Landor went back to his command and waited. Another man rode up and joined the two. Ten minutes passed, and the troops grew restless.
He knew that his cattle were driven off by the white cow-boys and could not be gotten back, that he was given but one cup of flour every seven days, that beef was so difficult to obtain that it practically formed no part of his diet; but he did not know of the "boys" in Tucson and officials in Washington who were profiting from the sale of Indian supplies to white squatters.
Because they were sent, a fine officer had fallen victim to Apache treachery of the meanest sort and to the gross stupidity of others, and Arizona was on the verge of the worst disorder of all its disorderly history. So Crook was sent for, and he came at once, and looked with his small, piercing eyes, and listened with his ears so sharp to catch the ring of untruth, and learned a pretty tale of what had gone on during his absence on the troubled northern plains.
He felt that he ought to dislike her cordially, but he did not. He admired her, on the contrary, as he would have admired a fine boy. She seemed to have no religion, no ideals, and no petty vanity; therefore, from his point of judgment, she was not feminine. Perhaps the least feminine thing about her was the manner in which she appeared to take it for granted that he was going to marry her, without his having said, as yet, a word to that effect. In a certain way it simplified matters, and in another it made them more difficult. It is not easy to ask a woman to marry you where she looks into your eyes unhesitatingly. But Landor decided that it had to be done. She had been in the post four months, and with the standing exception of Brewster, whom she discouraged resolutely, none of the officers cared for her beyond the flirtation limit.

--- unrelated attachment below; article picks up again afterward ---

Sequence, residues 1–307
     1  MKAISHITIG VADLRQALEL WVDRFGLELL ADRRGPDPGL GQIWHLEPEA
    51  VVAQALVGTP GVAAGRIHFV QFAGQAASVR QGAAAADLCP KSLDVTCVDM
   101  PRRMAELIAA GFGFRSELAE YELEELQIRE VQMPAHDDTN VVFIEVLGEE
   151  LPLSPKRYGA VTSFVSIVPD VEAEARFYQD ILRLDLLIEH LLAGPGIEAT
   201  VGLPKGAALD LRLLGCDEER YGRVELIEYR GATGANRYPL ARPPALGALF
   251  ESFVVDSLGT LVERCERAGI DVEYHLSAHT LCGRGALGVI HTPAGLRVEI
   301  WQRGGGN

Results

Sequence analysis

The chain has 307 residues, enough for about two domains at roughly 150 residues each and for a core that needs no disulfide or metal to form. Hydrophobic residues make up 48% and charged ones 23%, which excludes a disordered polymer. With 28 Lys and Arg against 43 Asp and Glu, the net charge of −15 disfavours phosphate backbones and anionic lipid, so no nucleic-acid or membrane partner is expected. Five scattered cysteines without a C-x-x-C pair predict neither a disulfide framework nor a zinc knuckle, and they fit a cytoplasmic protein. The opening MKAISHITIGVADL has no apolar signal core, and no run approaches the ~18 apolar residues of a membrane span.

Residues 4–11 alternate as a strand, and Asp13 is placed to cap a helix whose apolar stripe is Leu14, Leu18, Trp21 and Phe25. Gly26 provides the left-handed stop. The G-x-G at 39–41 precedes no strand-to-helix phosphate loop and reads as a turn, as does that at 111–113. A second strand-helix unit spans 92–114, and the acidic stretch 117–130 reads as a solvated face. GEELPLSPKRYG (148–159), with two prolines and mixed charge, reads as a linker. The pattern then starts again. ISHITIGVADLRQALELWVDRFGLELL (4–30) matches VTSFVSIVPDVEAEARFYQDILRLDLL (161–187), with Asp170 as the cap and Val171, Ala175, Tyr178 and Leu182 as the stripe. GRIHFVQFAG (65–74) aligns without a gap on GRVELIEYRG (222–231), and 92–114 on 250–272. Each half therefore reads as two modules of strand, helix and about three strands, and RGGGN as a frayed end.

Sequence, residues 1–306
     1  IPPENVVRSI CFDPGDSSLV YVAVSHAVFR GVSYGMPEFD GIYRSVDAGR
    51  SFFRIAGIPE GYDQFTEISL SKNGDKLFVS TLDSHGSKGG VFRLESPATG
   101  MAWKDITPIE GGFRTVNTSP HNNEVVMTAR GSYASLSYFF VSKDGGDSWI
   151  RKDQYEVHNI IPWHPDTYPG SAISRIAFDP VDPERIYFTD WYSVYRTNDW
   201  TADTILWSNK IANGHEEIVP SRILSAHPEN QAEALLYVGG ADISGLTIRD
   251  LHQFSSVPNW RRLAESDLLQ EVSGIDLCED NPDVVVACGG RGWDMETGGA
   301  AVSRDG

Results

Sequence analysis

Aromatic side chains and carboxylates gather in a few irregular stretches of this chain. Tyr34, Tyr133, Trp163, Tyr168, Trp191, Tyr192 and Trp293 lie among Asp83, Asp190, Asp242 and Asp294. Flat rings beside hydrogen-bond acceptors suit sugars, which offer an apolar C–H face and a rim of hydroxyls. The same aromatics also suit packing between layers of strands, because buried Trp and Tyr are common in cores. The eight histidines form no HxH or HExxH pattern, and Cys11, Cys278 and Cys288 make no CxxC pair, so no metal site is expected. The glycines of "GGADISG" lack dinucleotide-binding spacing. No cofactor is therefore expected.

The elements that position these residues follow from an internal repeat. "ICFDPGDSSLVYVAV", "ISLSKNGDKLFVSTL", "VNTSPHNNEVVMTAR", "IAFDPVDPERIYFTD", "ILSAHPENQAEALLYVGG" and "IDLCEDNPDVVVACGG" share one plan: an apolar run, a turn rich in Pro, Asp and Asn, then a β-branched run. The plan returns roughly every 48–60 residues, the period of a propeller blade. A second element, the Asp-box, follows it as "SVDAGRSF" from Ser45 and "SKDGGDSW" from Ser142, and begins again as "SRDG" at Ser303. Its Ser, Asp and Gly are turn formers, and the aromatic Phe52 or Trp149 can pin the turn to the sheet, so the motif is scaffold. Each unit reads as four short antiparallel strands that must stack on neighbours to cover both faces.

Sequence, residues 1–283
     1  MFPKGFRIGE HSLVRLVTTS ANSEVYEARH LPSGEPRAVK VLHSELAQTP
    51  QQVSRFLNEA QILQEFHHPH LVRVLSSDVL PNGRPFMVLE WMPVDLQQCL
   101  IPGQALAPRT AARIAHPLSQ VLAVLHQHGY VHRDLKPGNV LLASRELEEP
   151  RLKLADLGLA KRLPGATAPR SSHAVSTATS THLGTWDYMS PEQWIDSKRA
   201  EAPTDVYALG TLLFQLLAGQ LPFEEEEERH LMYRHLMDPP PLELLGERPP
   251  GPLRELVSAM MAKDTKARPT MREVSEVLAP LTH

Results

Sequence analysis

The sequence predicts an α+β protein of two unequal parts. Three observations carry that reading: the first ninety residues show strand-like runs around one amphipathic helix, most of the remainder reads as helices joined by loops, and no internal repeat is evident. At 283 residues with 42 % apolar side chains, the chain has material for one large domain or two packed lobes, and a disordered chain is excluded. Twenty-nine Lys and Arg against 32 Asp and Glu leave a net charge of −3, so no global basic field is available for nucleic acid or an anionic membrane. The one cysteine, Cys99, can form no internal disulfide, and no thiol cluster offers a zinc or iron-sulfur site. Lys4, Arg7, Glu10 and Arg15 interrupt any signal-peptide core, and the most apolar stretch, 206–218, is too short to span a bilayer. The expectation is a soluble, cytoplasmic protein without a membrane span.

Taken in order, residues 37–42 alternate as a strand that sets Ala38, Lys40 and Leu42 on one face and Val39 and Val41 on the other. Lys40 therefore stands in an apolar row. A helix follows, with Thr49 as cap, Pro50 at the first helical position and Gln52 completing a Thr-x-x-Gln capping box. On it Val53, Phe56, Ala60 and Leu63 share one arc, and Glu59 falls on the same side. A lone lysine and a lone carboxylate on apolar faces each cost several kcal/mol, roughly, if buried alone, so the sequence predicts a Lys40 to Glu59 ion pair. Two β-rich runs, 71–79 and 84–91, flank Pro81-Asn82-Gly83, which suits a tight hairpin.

What had he done with four and thirty years, putting it at the very highest valuation? He had sunk so far below the standard of his youth that he would not be fit for his old companions, even if he had wanted to go back to them, which, except in certain fits of depression, he did not. His own mother cared very little what became of him. At Christmas time she always sent him a letter, which reached him much later, as a rule, and he answered it. His brothers had forgotten him. His sister, of whom he had been very fond once, and for whom he had hoped a great deal, had married well enough and gone to London; but she, too, had forgotten him long since.
"Never!" she declared; it was merely because she could not breathe the same air with that creature.